The Brantley Family Band has a massive (and growing) collection of Christmas music available to download. Every year since 2004, they have released a little Christmas album with 4 to 6 songs "as a sort of musical Christmas card for [their] friends, families, and fans all over the world." There is nothing available for 2010 yet, but in the meantime you can download all 28 songs from the first 6 albums directly from their website, or from Bandcamp, where you can download a .zip file of the entire collection (if you do that, though, just note that "Have a Holly Jolly Christmas" may be mislabelled as "Deck the Halls").
Your musical tastes will need to be at least a little bit on the adventurous side in order to take it all in. For the most part, things sound pretty "normal", but there are also songs like "Silent Nite", which veers toward death metal with its chugging, distorted guitars and growling, processed vocals, or "Jingle Bell Rock", which goes through about a half dozen different styles in its 2 minutes and 21 seconds. "Last Christmas" and "Feliz Navidad" are both performed fairly straight, at least until you get to the random metal outbursts in the middle of them. I'm not trying to scare anyone away from downloading this collection - just trying to get the idea across that it is rather more eclectic than most Christmas music that I come across (in all honesty, it was the odd, reggae-tinged rendition of "Blue Christmas" found here that prevented me from posting about it the other day, when I opted for Joshua James' more straight-ahead version).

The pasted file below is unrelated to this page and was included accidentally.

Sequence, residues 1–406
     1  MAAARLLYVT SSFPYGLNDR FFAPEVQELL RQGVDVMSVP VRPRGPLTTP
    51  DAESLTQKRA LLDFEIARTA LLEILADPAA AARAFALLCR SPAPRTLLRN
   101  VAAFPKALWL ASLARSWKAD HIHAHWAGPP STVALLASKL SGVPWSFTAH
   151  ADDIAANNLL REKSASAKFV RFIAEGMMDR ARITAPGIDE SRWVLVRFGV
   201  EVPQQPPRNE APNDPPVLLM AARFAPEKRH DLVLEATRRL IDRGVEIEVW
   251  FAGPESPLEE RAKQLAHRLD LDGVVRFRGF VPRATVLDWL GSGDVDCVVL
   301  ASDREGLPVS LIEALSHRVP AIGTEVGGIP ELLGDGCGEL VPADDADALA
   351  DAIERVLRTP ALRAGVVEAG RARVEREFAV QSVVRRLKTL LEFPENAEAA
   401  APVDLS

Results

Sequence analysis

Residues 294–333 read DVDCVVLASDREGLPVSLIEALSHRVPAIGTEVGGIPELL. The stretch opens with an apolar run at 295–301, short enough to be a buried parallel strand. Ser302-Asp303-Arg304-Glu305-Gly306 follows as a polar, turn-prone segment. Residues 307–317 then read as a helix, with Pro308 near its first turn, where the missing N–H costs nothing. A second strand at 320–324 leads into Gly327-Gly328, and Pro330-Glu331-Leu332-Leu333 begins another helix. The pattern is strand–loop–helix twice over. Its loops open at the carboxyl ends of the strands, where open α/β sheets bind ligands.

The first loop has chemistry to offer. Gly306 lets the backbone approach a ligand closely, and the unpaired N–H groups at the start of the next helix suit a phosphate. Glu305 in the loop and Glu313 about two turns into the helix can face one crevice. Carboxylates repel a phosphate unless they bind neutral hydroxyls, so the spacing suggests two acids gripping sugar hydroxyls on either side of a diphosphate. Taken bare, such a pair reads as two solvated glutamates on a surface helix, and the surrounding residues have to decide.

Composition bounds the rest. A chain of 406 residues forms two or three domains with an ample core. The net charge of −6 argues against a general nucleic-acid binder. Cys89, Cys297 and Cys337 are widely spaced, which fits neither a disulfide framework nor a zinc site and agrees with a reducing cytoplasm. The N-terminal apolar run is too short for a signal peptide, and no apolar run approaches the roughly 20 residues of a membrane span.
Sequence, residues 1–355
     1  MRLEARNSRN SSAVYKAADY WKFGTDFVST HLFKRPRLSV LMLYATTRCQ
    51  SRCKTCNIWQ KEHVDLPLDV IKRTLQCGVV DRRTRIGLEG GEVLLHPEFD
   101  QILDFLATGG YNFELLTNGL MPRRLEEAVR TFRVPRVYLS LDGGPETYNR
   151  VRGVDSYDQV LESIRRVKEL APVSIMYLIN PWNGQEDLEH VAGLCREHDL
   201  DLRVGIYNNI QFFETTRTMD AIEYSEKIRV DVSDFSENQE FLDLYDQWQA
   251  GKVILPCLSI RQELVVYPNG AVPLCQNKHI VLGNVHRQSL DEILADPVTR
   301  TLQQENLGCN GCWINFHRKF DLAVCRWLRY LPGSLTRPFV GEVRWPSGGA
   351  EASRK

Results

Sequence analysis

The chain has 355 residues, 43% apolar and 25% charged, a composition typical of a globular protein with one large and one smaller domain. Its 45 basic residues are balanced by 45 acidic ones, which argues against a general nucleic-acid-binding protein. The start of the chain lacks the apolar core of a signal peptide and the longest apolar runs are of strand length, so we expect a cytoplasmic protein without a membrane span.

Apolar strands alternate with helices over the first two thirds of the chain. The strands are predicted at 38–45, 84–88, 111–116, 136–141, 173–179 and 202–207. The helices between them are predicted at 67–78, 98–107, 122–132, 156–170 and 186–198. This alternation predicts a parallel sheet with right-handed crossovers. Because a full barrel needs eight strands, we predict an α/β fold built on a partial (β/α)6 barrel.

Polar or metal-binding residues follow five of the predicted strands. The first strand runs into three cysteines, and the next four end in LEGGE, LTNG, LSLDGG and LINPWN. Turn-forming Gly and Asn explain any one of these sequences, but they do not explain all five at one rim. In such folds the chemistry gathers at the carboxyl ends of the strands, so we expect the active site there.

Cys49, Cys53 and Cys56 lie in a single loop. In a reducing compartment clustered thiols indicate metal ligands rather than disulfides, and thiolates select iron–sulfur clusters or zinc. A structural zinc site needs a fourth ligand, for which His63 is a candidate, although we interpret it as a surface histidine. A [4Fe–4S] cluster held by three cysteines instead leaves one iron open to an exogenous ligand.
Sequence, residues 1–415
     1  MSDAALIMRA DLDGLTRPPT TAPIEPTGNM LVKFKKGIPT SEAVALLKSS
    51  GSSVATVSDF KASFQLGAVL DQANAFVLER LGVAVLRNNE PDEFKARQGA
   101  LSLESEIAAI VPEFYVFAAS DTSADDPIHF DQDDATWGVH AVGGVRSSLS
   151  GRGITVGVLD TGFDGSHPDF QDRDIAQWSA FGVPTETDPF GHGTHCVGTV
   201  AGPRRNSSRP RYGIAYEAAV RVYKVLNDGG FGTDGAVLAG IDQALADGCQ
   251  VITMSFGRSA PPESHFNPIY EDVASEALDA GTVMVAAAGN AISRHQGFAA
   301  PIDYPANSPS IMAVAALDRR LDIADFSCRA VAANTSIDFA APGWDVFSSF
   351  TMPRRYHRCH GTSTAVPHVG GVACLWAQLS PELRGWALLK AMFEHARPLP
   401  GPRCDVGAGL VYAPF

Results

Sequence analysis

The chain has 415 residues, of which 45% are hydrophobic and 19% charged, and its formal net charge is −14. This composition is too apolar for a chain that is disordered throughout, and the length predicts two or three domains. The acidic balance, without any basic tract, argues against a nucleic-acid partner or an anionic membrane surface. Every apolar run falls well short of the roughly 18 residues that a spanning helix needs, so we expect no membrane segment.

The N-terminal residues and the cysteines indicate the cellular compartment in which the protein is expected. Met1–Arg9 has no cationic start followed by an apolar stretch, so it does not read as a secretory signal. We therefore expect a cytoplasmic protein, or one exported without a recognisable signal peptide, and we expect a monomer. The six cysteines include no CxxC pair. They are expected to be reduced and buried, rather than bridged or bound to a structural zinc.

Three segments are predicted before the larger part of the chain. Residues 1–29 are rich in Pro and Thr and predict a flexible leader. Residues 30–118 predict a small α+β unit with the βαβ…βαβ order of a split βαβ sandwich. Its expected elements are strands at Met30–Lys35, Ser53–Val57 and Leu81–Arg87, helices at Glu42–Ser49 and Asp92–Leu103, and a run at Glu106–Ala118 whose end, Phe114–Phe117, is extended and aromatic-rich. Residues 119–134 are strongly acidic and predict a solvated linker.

Some of the highlights are rocking, guitar-based versions of "Linus and Lucy" and "Joy to the World", both of which would not sound out of place on a Merry Axemas album; a bluesy "Merry Christmas Baby", which works surprisingly well as a duet (at least I've never heard it done that way before - if there are other duet versions of this song, please let me know!); and a beautiful, acoustic guitar-based, instrumental version of "Morning Star". My favourite of all, though, is "Fat Daddy", a song I'd never heard before. The whole song has a zany Frank Zappa feel to it, from the "La la la la laaaaa" female vocals, to the spoken section near the end, to the ripping guitar solo that closes the song. About the only information I can find on this song is that it's an obscure song recorded by a radio DJ in the 1950s, so I'm glad that the Brantley Family Band has made a version available for everyone to hear.